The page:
Note: The following opinion piece was written by a single mother of two children who fears losing her job. For this reason her name has been withheld. The United Steelworkers in the USA are fighting to secure union recognition at the company site in Commerce, California. This blog first appeared on the Capital & Main site.
“What does “Made in America” mean to you? For consumers, it means a quality product. For workers, it means a good paying job and an opportunity to achieve the American Dream. Yet “Made in America” can also stand for opportunity to exploit workers under harsh conditions and unfair wages. That’s what it means in the manufacturing plant where I work in Commerce.
I’ve worked three years for Huhtamaki, a Finnish-owned packaging manufacturer located in the Los Angeles area. We make ice cream containers and other products for Walmart. And the job, it’s just not what people are talking about when they talk about investing in new manufacturing jobs in our country.
As a single mother of two, making ends meet is hard. My paycheck barely covers my bills and I rely on Section 8 assistance to pay my rent.
When I first started at Huhtamaki, I loved my job. While I still go every day to support my children, there is no future and no financial security that I can build through this job. My colleagues, like me, are struggling to get by on our low wages while the cost of living continues to rise. Our plant is unbearably hot — I have seen a co-worker faint in the heat.
My daughter is young, and I work hard so she will never have to work at a place like this, so she can have a job with dignity. My parents taught me to work hard and to do my job well. I want to set the same example for my children.
Good jobs don’t pay poverty wages. Made in America shouldn’t mean being forced to work in conditions that have resulted in workers fainting and managers threatening workers; yet this is what too many American manufacturing workers face every day.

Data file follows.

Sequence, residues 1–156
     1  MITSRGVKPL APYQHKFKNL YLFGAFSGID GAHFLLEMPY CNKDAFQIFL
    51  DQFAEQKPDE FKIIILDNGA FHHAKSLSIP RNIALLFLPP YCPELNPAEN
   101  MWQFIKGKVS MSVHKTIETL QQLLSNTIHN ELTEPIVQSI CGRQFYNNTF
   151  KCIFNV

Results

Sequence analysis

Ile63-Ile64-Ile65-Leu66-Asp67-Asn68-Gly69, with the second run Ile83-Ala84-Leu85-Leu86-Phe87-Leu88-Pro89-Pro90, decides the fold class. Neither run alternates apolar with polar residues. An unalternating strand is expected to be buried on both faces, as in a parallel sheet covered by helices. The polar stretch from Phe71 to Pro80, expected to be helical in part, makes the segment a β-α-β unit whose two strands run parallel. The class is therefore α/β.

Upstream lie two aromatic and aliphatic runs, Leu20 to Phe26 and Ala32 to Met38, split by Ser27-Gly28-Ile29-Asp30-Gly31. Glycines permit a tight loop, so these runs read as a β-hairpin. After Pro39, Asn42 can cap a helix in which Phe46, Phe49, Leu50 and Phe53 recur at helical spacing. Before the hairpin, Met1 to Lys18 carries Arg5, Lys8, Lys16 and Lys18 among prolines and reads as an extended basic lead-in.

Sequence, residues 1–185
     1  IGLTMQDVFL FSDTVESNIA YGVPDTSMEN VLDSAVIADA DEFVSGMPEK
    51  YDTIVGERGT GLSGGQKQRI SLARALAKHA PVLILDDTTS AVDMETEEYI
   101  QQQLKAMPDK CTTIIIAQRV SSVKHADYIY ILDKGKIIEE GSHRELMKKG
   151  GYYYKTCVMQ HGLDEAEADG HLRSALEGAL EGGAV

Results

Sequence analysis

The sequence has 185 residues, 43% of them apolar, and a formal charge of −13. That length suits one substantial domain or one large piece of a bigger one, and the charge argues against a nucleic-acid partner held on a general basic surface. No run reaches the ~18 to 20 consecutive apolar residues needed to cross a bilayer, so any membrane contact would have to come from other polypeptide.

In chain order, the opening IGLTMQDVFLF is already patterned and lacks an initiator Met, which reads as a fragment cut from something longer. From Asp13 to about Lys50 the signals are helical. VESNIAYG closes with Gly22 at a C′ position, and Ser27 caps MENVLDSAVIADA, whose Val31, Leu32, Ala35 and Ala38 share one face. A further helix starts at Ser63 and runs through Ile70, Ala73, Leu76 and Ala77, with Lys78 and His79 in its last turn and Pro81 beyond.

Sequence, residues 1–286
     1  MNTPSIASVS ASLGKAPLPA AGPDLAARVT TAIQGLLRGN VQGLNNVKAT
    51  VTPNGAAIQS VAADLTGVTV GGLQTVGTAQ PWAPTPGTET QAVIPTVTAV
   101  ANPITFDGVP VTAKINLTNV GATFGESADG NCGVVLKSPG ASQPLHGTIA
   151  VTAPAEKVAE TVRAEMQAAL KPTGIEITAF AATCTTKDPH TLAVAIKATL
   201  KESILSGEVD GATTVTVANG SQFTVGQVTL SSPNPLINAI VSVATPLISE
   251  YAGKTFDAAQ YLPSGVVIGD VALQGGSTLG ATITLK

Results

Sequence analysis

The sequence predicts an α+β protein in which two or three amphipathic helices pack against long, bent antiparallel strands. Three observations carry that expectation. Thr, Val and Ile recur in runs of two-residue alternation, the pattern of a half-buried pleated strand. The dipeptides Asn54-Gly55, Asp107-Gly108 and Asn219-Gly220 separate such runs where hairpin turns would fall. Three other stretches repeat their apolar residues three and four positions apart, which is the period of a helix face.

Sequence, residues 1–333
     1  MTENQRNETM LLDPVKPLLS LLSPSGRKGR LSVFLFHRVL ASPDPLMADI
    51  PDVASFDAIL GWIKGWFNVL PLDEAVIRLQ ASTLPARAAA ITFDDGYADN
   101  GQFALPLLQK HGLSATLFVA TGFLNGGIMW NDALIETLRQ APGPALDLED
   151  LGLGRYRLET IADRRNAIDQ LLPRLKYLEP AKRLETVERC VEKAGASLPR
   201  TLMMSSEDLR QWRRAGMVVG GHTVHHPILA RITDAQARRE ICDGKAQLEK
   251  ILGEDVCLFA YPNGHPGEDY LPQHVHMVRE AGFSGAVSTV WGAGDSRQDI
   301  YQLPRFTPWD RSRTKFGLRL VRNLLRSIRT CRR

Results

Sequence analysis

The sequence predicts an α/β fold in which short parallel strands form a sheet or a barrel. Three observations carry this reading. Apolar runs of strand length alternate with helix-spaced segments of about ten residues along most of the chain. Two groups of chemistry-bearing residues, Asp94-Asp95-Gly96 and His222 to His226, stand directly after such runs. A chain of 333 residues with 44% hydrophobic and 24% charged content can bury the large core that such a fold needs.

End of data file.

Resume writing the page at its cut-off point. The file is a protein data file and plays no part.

This week, as Walmart hosts a U.S. Manufacturers’ Summit, where its public face will show support for American manufacturing and American workers, I think it’s important to consider what kind of jobs we’re really talking about. While it is important that we bring manufacturing jobs back to the United States, it is just as important that we ensure that the jobs that come back are ones that we can be proud of – and that means jobs that pay enough for workers to support their families.
We need jobs that pay a decent wage and allow workers the right to collectively bargain for benefits and better conditions. We need jobs where hard work is recognized and rewarded. Finally, we need jobs that let us provide for our children, and jobs that will let them build their lives when they’re grown.
As CEOs attending Walmart’s Summit discuss the future meaning of “Made in America,” I hope they remember that labels and slogans don’t equal the American Dream, and that not all American jobs are created equal.
We can make that dream a reality, but only if manufacturing corporations like Huhtamaki and super retailers like Walmart understand that it’s a good paying job that is the value that Americans have in mind when they think about the investment in manufacturing. The creation of more low-paying jobs that keep us struggling is nothing to hold up for recognition.”